As a deaf-blind student with very limited sight and hearing, Haben Girma ’13 learned that you must be a self-advocate and come up with creative solutions to the problems you face. If that fails, she says, then the law can be a strong ally.
In recent weeks, a number of HLS faculty have weighed in on issues surrounding the fiscal cliff negotiations.
Professor Robert Mnookin ’68, chairman of the Program on Negotiation at Harvard Law School, was honored by the International Academy of Mediators with a lifetime achievement award. The IAM Award is presented to a person who has made exceptional contributions throughout his or her career by personally advancing alternative dispute resolution and inspiring others to do so.
In October 1962, the Rev. Martin Luther King Jr. spoke at Harvard Law School on “The Future of Integration.” It was six months before he would be imprisoned in a Birmingham jail, 10 months before the March on Washington, almost two years before the signing of the Civil Rights Act and almost six years before his assassination. “It may be that the law cannot make a man love me,” he said, “but it can keep him from lynching me.”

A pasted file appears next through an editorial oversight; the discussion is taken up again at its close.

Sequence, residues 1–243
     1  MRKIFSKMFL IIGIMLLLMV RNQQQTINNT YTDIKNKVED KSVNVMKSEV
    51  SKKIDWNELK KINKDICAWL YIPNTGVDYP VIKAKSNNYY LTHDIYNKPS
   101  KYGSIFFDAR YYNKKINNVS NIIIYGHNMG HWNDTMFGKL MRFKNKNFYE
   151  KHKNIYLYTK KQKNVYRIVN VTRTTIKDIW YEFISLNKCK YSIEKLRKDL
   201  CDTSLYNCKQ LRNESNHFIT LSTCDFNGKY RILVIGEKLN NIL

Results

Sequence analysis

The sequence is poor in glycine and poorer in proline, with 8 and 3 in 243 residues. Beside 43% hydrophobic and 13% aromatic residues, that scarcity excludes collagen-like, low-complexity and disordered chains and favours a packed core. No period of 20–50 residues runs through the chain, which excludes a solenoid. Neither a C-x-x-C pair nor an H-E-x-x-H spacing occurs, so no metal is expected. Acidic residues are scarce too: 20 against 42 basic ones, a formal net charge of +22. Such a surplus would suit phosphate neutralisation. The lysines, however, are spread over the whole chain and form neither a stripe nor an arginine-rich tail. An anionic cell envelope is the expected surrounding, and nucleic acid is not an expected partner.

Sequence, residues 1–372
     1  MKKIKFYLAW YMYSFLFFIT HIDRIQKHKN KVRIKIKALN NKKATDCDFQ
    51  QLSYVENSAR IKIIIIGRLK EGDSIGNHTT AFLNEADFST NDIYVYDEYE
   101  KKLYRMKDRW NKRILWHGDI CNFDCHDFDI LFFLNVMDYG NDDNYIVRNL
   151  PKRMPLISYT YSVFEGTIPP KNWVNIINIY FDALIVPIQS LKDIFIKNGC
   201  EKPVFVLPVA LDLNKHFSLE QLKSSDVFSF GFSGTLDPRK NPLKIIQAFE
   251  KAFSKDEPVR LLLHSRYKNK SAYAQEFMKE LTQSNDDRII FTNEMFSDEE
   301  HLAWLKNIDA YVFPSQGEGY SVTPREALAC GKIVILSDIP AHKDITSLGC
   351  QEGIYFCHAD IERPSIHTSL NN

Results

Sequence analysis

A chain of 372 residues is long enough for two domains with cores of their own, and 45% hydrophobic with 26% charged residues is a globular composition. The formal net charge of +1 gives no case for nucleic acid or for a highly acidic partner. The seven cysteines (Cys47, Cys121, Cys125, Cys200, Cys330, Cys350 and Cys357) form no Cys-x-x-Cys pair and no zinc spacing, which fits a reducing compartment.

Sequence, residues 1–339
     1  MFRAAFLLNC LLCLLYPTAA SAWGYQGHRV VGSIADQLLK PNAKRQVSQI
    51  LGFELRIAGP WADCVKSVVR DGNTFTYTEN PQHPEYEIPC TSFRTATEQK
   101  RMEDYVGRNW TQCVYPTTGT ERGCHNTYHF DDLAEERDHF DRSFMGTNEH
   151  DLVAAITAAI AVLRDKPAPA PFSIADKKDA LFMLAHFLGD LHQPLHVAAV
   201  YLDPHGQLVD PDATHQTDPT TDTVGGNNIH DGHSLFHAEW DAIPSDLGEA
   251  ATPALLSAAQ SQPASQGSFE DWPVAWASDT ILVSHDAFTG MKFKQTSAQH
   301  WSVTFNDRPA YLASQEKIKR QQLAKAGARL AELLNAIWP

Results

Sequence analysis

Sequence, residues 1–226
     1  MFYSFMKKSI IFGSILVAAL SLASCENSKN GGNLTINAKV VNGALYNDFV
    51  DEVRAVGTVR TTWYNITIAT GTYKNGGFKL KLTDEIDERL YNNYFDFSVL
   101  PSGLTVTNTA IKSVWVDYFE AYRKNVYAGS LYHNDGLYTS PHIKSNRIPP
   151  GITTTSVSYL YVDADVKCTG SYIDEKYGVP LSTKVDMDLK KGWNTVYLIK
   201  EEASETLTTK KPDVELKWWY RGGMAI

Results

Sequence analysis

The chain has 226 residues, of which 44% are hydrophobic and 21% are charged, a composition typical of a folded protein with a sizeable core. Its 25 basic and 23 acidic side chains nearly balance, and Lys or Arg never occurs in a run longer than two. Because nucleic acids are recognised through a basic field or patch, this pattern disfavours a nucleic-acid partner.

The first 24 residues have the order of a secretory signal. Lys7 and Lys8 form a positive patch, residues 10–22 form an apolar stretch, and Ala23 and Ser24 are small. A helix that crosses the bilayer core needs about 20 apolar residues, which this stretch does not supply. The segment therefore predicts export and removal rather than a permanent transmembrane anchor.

Last summer, Professor Robert Mnookin ’68, found himself wanting to know more about U.S.-Cuba relations. “I had an idea that there was a very interesting set of questions related to when, how and whether the two countries would ever negotiate a reconciliation,” he says. He decided to investigate by teaching a reading group—a small, 1-credit class, where 2Ls and 3Ls are able to dig deeply into a given topic in a way that provokes extended discussion among the group. “I am not an expert on Cuba; I’m an expert on negotiation, and what a reading group allowed me to do is learn with the students about an area I didn’t know much about,” he says.
Three times last month, Harvard Law School Professor Robert Mnookin brought in prominent Cuban intellectual Rafael M. Hernández Rodríguez via videoconference to speak to his reading group on the topic of negotiating with Cuba. According to Mnookin, it’s the first time a Cuban scholar has participated in an American seminar from Cuba itself, an event for which took Mnookin weeks of back and forth with Cuba’s Ministry of Culture to obtain permission, giving a glimpse into the continued hold of the Communist bureaucracy in Havana.